Last week we spent some time in our Santa Fe trip visiting churches and art galleries. This week, we continue our walk around the old city with stops at the State Capitol Building and the Governor’s Palace and Museum. Santa Fe has held the title of Capital City since 1610 when it became the capital city of the Kingdom of New Mexico, a Spanish colony. When the territory won its independence from Spain as part of Mexican Independence, the Mexican government named Santa Fe as the capital of Nuevo Mexico, then in 1846 when the territory became part of the United States, the Governor’s Palace became the territorial capitol. Visitors today will find the Governor’s Palace is now a museum and the State Capitol Building is the only round capitol building in the country.
The four-story building has a stained glass rotunda ceiling resembles a basket weave design in Native American crafts. The design depicts the earth and the sky. The central rotunda is three stories tall and the fourth story is underground beneath the travertine floor of the rotunda.
The Travertine from New Mexico features a mosaic of the New Mexico State Seal. The view of the seal in the photo above is captured from the third floor of the building. One of the features of the building is the Capitol Art Collection. Over 600 pieces in the art collection are displayed in the public areas of the building and grounds. More photos of the Capitol are included in the gallery that accompanies this post.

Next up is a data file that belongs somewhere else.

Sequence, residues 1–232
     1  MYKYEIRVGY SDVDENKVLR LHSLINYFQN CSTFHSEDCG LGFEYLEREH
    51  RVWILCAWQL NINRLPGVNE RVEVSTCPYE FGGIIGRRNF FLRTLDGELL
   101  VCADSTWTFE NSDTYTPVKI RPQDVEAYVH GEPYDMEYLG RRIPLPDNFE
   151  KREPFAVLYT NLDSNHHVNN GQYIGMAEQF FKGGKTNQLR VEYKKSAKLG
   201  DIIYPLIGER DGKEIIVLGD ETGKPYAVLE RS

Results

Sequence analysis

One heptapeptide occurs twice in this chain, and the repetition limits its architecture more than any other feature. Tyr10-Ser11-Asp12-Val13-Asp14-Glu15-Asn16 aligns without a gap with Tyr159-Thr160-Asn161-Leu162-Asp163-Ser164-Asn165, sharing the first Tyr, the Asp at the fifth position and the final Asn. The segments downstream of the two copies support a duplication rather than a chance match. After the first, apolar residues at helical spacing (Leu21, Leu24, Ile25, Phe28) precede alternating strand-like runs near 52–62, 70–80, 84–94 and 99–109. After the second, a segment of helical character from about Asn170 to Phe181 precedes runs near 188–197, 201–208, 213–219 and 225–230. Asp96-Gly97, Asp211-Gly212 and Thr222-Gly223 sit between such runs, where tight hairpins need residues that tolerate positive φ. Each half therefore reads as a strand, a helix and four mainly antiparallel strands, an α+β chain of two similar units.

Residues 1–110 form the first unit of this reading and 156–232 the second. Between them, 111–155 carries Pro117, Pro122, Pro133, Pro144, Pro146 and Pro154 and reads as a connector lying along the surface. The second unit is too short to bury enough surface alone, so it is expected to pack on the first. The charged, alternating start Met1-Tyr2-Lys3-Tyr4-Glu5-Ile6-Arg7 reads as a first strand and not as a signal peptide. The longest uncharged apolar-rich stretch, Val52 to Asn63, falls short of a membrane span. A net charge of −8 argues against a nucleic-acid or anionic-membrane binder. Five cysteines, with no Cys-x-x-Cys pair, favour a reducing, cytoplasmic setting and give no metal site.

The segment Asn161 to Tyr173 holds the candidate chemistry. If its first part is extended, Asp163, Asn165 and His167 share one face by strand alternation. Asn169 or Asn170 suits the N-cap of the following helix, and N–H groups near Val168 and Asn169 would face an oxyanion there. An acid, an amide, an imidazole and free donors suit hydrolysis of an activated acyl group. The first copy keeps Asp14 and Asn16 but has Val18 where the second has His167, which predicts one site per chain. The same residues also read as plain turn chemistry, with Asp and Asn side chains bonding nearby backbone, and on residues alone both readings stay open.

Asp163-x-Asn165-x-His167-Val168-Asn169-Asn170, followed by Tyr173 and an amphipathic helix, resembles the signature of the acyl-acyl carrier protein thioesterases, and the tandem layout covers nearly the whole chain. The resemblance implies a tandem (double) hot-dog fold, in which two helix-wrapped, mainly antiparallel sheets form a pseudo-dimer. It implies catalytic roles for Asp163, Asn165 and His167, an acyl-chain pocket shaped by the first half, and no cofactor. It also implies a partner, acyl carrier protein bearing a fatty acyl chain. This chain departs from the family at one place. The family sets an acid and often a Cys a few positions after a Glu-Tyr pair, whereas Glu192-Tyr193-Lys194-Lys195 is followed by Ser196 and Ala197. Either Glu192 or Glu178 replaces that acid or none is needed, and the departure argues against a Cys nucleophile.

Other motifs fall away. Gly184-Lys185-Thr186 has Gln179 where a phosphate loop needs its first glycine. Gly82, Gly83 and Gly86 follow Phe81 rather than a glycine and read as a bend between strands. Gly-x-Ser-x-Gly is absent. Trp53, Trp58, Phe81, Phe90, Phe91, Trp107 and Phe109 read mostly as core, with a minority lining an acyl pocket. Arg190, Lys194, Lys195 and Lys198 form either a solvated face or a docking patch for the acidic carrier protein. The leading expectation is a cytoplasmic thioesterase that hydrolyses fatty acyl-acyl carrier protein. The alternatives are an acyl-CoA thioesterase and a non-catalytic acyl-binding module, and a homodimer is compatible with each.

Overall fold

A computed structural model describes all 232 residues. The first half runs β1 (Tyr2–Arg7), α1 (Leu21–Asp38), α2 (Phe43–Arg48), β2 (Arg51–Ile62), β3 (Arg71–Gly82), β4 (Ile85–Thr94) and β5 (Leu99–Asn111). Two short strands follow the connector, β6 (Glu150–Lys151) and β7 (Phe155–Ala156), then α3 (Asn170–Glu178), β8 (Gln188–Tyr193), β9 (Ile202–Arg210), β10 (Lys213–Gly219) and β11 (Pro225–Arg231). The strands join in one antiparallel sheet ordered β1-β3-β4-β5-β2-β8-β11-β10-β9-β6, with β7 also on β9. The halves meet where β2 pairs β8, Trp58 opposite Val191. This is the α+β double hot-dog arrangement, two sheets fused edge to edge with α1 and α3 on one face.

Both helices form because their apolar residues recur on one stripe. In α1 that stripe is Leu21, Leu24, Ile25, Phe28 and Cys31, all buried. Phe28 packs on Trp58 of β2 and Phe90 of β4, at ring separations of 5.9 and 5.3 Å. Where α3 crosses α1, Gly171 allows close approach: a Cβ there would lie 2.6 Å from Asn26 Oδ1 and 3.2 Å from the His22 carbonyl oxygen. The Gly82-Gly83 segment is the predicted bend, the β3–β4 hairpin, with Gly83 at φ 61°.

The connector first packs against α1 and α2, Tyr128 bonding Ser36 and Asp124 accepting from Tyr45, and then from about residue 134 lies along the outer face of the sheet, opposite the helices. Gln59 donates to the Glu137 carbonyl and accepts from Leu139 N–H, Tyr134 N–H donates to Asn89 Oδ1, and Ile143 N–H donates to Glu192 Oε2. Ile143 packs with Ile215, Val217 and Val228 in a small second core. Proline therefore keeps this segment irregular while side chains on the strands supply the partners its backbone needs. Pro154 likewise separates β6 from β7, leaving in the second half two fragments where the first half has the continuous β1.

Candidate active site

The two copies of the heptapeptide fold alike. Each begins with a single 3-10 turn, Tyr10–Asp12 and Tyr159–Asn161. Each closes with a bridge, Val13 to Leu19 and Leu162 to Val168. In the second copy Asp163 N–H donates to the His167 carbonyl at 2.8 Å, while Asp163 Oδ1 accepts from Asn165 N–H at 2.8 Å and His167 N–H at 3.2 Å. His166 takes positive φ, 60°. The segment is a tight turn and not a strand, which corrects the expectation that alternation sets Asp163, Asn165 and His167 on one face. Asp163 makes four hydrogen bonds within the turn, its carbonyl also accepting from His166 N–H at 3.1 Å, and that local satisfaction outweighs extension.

The Palace of the Governors was the seat of government for the Spanish territory in what was to become the American Southwest. The 17th century adobe structure is now a part of the larger New Mexico History Museum, housed in a modern building adjacent to the Palace. In the photo above, a portrait of an early Governor stands watch over the Governor’s desk and chair.
An old stage is one of the exhibits in the Governor’s Palace. The old building features many exhibits of early New Mexican artifacts. The palace is not a large museum, so it won’t take long to browse through the exhibits. From the palace, a short walk through a courtyard will take you to the much larger New Mexico History Museum.
The museum is divided into several sections, as are most museums. It would be easy to spend an afternoon or all day here, but we would soon be on our way. A few more exhibits are included in the gallery of images below. Unfortunately, it was time for us to leave.
After a short walk through town on a crisp, cool fall day to the depot, we browsed the gift shop while we sipped on hot coffee and awaited the arrival of the Rail Runner for our trip home. Just for fun, I included a couple of photos taken from the train windows on our trip home. We even happened to catch part of a rainbow. The lights in the train car and the reflections in the train window notwithstanding, I don’t mind sharing the photos of the New Mexican countryside, even though they aren’t my best work. You’ll find them in the gallery below.